Finding your writing voice – Novel writing course

This week our Writing a Novel  tutor James Bradley talked about creating a strong authorial voice.

James Bradley

James Bradley, author of Wrack, The Deep Field, The Resurrectionist and forthcoming Clade published by Penquin

Firstly he covered ways to inspire your voice. Both I and another student noticed there was a connection here with Margo Lanagan’s previous session where she looks at her scrapbook of images before writing each time. This helps ensure her novels have a consistent mood and texture. James told us what worked for him: listening to certain pieces of classical music, selected poems and listening to other authors’novels we admired – perceiving the rhythm in the text and considering the rhythm in our writing. James explained that these methods, which I will call ‘mood-shifters’, are ways to get our minds out of the buzz of everyday life – these are frequently in the way when we sit down to write.

He stressed that writers often don’t have a strong voice when beginning the first draft of a novel. They “discover”it as they “write themselves into the book”. When James tutors us on writing, I keep noticing that he impresses upon us being open to the unfixed nature of creativity and not to hem ourselves in with rules of our own or other’s making. Exploration and discovery are essential to the process of creating an interesting book. He compared writing with jazz “you can break the established rhythms and make a melody fresh again. Every generation of writers creates a new way.”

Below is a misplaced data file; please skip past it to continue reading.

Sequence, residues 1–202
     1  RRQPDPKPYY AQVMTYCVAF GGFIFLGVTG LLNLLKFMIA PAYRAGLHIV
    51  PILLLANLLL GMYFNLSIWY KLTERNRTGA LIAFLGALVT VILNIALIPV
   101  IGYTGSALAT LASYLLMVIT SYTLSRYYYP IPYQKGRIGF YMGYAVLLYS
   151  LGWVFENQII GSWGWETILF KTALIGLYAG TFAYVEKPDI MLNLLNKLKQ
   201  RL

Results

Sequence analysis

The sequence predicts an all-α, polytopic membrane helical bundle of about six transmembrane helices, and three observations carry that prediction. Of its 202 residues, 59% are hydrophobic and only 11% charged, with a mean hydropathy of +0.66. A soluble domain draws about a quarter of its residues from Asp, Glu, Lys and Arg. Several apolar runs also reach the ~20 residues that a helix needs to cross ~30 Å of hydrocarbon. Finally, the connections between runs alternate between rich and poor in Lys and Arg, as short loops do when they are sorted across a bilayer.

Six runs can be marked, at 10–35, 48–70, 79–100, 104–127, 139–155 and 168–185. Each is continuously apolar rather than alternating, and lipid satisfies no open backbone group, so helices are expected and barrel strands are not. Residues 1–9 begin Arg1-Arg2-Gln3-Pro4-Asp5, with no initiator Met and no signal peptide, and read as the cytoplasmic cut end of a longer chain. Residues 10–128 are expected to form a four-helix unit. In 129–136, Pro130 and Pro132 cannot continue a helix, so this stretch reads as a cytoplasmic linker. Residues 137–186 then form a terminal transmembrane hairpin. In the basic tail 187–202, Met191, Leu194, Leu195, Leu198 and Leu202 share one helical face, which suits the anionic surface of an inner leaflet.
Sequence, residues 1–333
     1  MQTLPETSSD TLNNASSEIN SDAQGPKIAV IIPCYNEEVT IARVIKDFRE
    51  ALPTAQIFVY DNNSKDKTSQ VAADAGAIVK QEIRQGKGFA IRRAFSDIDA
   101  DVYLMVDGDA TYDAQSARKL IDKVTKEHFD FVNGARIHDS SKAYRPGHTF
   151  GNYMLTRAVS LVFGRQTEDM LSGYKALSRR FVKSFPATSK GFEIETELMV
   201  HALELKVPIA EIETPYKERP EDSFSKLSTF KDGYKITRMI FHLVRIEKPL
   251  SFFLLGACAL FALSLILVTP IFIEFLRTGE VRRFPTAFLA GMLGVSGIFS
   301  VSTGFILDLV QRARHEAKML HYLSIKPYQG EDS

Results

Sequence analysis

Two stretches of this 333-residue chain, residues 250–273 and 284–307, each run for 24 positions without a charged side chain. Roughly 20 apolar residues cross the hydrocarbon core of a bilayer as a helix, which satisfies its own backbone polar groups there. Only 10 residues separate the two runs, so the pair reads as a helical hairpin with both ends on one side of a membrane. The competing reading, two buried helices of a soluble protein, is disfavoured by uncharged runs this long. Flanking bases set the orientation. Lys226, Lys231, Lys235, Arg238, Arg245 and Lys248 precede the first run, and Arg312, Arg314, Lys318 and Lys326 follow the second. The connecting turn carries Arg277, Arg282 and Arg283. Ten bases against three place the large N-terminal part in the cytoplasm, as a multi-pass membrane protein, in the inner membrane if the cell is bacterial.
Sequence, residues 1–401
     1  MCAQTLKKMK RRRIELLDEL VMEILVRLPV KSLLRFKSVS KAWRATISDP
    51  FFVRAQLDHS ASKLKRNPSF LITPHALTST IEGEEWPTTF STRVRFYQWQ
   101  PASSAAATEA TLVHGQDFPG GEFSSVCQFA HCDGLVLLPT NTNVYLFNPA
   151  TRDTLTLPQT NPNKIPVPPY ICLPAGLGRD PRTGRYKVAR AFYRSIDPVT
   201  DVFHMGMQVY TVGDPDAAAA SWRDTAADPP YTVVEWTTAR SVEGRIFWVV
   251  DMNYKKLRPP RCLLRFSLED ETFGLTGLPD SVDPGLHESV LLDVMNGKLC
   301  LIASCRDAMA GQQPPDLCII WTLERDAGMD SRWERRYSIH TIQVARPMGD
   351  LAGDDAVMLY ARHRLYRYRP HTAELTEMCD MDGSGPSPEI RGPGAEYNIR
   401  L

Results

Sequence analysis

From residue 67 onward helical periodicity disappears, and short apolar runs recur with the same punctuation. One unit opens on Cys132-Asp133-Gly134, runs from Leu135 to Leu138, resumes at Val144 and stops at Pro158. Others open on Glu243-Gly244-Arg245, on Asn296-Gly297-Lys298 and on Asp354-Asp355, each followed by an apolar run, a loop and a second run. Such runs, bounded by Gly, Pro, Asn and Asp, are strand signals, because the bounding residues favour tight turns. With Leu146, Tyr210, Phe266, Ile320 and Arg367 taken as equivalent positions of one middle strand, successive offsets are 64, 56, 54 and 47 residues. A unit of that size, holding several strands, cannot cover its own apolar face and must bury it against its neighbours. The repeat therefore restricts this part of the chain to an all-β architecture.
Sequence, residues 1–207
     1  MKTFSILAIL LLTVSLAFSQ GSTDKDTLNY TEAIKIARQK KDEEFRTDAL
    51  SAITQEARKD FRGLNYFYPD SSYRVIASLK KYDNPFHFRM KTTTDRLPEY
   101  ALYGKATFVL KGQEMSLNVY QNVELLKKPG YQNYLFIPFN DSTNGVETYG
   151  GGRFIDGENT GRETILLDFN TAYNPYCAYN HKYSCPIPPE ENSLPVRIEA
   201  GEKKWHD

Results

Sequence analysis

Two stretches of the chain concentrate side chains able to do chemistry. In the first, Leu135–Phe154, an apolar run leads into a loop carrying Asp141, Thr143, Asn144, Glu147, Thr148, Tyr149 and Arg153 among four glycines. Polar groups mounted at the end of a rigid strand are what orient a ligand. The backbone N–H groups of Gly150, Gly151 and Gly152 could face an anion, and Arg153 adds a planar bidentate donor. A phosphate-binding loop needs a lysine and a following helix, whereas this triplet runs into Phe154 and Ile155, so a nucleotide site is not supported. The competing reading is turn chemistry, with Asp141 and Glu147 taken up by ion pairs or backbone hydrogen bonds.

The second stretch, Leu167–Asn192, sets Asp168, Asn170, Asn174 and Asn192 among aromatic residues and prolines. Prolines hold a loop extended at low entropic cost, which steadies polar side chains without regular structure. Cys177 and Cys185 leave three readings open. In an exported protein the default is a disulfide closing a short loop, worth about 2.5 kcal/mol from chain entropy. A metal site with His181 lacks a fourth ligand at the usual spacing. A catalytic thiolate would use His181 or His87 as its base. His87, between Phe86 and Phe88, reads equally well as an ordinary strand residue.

He talked about the “organic logic”inside writing. I took this to mean the way I have felt when my book developed well and I feltin the zone.“The book is smarter than you are…it is something that you find”he said (and then made us laugh by telling us that most writers are not nearly as intelligent as their books.)

In the past I have spoken to friends about what I call the alchemy of writing which is what I think he means by organic logic. That what you are in sum is not what ends up finally on the page: our own self/mind contributes to it, is the basis for it, but the result is more than the sum of its parts. It goes beyond the ideas each writer had in the first place. It has occurred to me (perhaps crazily) that, as it is beyond the writer (our own subjective selves), it has the capacity to be universal and therefore relevant to a lot of people. So from very personal beginnings comes something bigger than us which can be received by people in the world we had no previous connection with.